Progress in bid for law to punish ‘diabolical acts’ like Richard Pusey’s, but lawyers urge caution

Victorian Attorney-General Jaclyn Symes will speak with the the state’s top judges and magistrates about a proposed law that criminalises outrageous behaviour similar to the acts of Richard Pusey who filmed a police officer’s dying moments.

The proposal has been put forward by Stuart Schulze, the husband of Leading Senior Constable Lynette Taylor, one of the four police officers killed on the Eastern Freeway last year by truck driver Mohinder Singh.

Stuart Schulze, husband of Leading Senior Constable Lynette Taylor.Credit:Darrian Traynor

Mr Schulze says the law has not kept pace following Pusey’s three-month sentence for filming the officer’s dying moments.

But experts in the law cautioned against introducing new legislation containing subjective definitions that could also potentially trap a broader range of conduct, such as bystanders who film incidents that then become useful to police investigations.

Senior Constable Taylor was one of four officers killed when they were hit by a truck on the Eastern Freeway after having pulled over Pusey’s Portsche minutes earlier for speeding at 149km/h. Pusey, who had traces of MDMA and cannabis in his system, was urinating on the side of the road when the truck hit the officers and stationary cars.

Pusey recorded video of Senior Constable Taylor’s injuries and the damaged police cars and was heard saying in the recordings: “That is f—ing justice. Absolutely amazing, that is f—ing amazing.”

He pleaded guilty to outraging public decency, an extremely rare charge that is an offence under common law, meaning it is a judge-made law not written into legislation.

The charge, as Pusey’s lawyers argued, does not validly exist in Australia, but developed from English law through cases of people who had exposed themselves in public. Pusey’s behaviour, the sentencing judge said, had no precedent in Australia.

Leading Senior Constable Lynette Taylor, one of four police officers killed in a horrific crash on the Eastern Freeway

Mr Schulze met the attorney-general on Monday as part of his campaign for outraging public decency to be written into Victorian law.

“We got a conviction, but we didn’t get justice … It was such a diabolical act and without precedent,” Mr Schulze said.

“Two clicks on your phone and it’s out there for the world to see.”

It is understood Ms Symes will speak with the heads of the state’s criminal courts about the proposal, but the government remains cautious.

The attorney-general said in a statement that she was considering Mr Schulze’s suggestion.

“We spoke in detail about how the changes in technology have made it easier for people to post offensive content online, and how it is difficult to draw the line between what does and doesn’t ‘outrage public decency’,” Ms Symes said.

“I will continue to keep Mr Schulze updated as we consider his suggestion.”

Victims of Crime Commissioner Fiona McCormack said the proposal warranted attention.

Richard Pusey (right) when arrested last year.Credit:Nine News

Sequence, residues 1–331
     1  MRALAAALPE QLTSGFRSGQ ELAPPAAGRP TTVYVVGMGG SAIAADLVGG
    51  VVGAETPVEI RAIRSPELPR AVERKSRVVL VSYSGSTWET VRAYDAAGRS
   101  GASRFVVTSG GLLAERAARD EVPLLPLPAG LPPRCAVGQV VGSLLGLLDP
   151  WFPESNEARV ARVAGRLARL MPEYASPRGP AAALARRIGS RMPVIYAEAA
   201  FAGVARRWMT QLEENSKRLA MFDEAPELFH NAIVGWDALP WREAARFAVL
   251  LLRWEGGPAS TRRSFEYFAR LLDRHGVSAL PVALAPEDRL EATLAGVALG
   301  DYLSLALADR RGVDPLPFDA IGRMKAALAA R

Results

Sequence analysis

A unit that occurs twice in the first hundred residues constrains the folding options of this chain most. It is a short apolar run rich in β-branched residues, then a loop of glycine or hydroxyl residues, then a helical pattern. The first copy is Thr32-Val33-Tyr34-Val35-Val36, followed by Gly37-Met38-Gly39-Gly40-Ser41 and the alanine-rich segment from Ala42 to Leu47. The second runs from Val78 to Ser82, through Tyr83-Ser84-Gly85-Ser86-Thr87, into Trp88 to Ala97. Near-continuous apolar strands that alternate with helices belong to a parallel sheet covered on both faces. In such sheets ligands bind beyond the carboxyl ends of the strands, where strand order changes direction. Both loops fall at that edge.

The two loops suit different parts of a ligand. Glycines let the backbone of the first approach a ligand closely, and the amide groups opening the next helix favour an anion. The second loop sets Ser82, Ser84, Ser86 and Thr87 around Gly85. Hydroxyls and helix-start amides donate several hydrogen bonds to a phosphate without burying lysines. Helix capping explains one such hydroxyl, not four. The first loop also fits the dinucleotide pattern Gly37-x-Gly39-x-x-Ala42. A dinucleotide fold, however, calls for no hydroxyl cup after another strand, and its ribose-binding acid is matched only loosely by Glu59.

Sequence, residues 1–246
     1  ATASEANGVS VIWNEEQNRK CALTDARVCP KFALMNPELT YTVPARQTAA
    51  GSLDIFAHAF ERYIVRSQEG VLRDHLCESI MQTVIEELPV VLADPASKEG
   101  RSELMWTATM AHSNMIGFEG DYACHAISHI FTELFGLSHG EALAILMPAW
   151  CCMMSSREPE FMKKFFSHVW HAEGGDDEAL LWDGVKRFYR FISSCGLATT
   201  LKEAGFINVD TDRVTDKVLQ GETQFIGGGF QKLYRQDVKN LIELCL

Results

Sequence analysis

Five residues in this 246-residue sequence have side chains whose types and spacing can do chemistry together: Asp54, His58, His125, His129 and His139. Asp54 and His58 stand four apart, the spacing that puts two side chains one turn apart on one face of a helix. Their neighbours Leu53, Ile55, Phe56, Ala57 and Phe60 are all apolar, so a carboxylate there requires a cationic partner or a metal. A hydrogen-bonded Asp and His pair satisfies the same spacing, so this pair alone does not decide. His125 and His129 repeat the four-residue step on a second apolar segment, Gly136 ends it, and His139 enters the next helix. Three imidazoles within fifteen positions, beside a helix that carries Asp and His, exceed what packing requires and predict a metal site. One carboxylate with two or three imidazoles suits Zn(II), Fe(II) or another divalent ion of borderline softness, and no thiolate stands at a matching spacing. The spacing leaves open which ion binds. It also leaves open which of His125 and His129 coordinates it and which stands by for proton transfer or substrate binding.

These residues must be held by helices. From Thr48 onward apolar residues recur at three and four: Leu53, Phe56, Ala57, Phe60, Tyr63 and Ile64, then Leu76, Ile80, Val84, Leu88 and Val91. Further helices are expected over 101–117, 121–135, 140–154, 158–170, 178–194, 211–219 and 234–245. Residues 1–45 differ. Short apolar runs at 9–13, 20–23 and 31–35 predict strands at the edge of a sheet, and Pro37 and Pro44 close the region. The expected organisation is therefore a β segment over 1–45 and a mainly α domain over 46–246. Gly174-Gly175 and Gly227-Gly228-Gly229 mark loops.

“Technology is developing at a rate of knots and unfortunately there are people who will use it in ways that are outright abusive and extremely traumatic to others,” Ms McCormack said.

“The law needs to keep pace with new technologies and behaviours so that victims don’t fall through the gaps.”

Defence lawyer Mel Walker, who sits on the Law Institute of Victoria’s criminal section executive committee, said the conduct was properly covered in the law.

She said the issue with criminalising such conduct was that it could have unintended consequences.

“There are lots of times where people record things that are also used in investigation and prosecutions, Bourke Street (the Bourke Street massacre) for example,” she said.

If the problem was with the uploading of offensive material onto the internet, then the responsibility lay with the platforms themselves, she said.

Offensive behaviour is a criminal offence in Victoria, but is usually used for urinating in public or swearing, but there’s also a federal offence of using a carriage service to menace, harass or offend.

The charge was used against a Queensland man, who stands accused of sharing the Christchurch massacre video on a messaging app, along with allegedly offensive commentary.

Monash University’s Dr Stephen Gray said he sympathised with Mr Schulze’s position and the visceral reaction to Pusey’s conduct, but said there would be issues with defining a vague offence in the law.

“And the fact it’s such a vague offence, then it could capture all kinds of unforeseeable situations from sexual conduct, to words that offend religious people, to legitimate artist expression,” Dr Gray said.

Mr Schulze said the law could be narrowed-down so it specifically encompasses filming coupled with commentary. Then it would be up to the courts, not lawmakers, to decide what constitutes outraging public decency, he said.

The Morning Edition newsletter is our guide to the day’s most important and interesting stories, analysis and insights. Sign up here.

Most Viewed in National

From our partners

Source: Read Full Article